Iron Gold shows us what can go wrong as a society throws off the shackles of tyranny, but is still learning how to act with a replacement for that system. And it wasn’t pretty. Dark Age is all about what happened right after Iron Gold how does Darrow follow-up his dramatic act on Mercury? How do the remnants of the Society react to that? Can Virginia maintain control of the government (and should she?), and what’s going on with the kidnapped children and the kidnappers?

None of the answers to those questions are easy, and it’s hard to like any of the answers you might find. But man, what a book. Brown surprised me time after time after time and I have no idea what to expect for the next volume. You find yourself hoping that Character X will survive whatever dire situation they’re in, but you almost hope they fall now, because whatever is coming up next for them is going to be worse, much worse.

For a change, this isn’t primarily Darrow’s story. But even as I say that I want to object. The opening chapters are full of him, but after the first 100 pages or so (I’m estimating because I had to take it back to the Library already), other characters—primarily on the Moon and Mars—get the majority of the space. At the same time, there’s not one page—not one paragraph, really— that isn’t in the shadow of Darrow. His acts, his movement, his intentions, his affects on various individuals and/or society at large. Even if the Red Rising is put down and the demokracy is defeated, it will be generations before Darrow’s impact is forgotten. So, yes, he’s sidelined for most of this novel, but ultimately, it’s still all about Darrow.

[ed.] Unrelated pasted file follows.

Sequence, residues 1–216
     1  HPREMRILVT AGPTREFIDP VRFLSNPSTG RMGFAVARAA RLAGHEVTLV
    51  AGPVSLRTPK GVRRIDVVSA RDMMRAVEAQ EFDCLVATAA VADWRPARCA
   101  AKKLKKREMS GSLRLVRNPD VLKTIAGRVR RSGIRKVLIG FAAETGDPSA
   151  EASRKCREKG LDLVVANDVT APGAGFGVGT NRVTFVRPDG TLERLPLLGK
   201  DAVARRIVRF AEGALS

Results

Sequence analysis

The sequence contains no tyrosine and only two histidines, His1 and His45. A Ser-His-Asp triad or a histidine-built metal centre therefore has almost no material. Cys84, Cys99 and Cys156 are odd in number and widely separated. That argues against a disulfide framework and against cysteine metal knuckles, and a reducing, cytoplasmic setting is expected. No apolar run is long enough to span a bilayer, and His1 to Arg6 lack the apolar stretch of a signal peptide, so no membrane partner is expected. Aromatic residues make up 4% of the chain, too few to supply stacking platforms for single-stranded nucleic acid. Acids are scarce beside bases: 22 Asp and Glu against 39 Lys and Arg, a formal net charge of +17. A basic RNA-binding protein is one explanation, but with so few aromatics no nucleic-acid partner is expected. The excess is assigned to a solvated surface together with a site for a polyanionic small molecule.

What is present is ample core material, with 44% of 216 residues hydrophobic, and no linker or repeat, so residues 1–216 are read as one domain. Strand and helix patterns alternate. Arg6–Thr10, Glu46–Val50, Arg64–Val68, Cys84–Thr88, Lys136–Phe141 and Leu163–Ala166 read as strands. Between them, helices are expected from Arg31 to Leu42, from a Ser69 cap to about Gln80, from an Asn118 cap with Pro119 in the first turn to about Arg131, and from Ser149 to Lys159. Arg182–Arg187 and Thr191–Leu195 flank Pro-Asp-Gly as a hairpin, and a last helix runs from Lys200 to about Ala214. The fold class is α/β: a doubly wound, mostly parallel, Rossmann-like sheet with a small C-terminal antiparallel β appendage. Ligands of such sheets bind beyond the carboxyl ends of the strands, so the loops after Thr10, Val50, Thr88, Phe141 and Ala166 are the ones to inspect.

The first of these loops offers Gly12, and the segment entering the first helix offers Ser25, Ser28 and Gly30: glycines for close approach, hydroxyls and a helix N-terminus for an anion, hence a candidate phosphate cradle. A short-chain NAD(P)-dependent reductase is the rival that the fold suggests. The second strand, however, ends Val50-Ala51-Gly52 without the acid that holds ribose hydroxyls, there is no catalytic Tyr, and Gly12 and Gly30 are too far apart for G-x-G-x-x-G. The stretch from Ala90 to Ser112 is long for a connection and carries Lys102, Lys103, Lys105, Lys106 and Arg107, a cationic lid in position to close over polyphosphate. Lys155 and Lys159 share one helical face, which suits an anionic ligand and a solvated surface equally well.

I can’t take the time to talk about everything that I want to, but if anyone’s going to defeat Darrow/the Rising, I wouldn’t mind if it was Lysander. Sadly, Lysander wouldn’t be alone, and his allies aren’t as honorable or noble (actual nobility, not hereditary titles) as he is—so I hope he goes down in flames.

Yes, I didn’t think Iron Gold was necessary—or as good as the initial trilogy (while I did enjoy it)—but as it paved the way for Dark Age (and whatever comes next) I’m not complaining. This was probably the best thing since Red Rising (in many ways, probably superior), and I’m once again invested in this series.

Brown’s writing has never been better—this is his biggest book to date in terms of size and scope. Yes, it’s an investment of time, but not one that’s impossible to surmount (and is totally worth it). It’s a longer book, with more characters, more perspectives and more potential to surprise the reader (both in this book and what comes next). It’s like he took Yeat’s “The Second Coming” and said, I wonder what verse 1 would look like in the Red Rising Universe?

I can’t do justice to this book, I just can’t. There’s not an ongoing SF series that I can recommend as highly as this, and whatever flaws there might be are dwarfed by the strengths to the extent that I can’t even enumerate them. If your interest post-Morning Star has waned, I encourage you to give this a shot. If you’ve never tried this series, do not jump on board here. Go back to Red Rising, and after you’ve endured (and loved) the emotional battering that follows, you’ll see what I’m talking about.

“What does Mars mean to you, Nakamura?” I ask.

The Terran hesitates. “Hope. And you, my liege?”

“War.”

Virginia says a lot in that last syllable (even ignoring the pun). It sounds ominous there, and I think it tells us everything we need to know about the rest of this series.

—–

5 Stars
2019 Library Love Challenge

Reposting Just ‘Cuz: Landline by Rainbow Rowell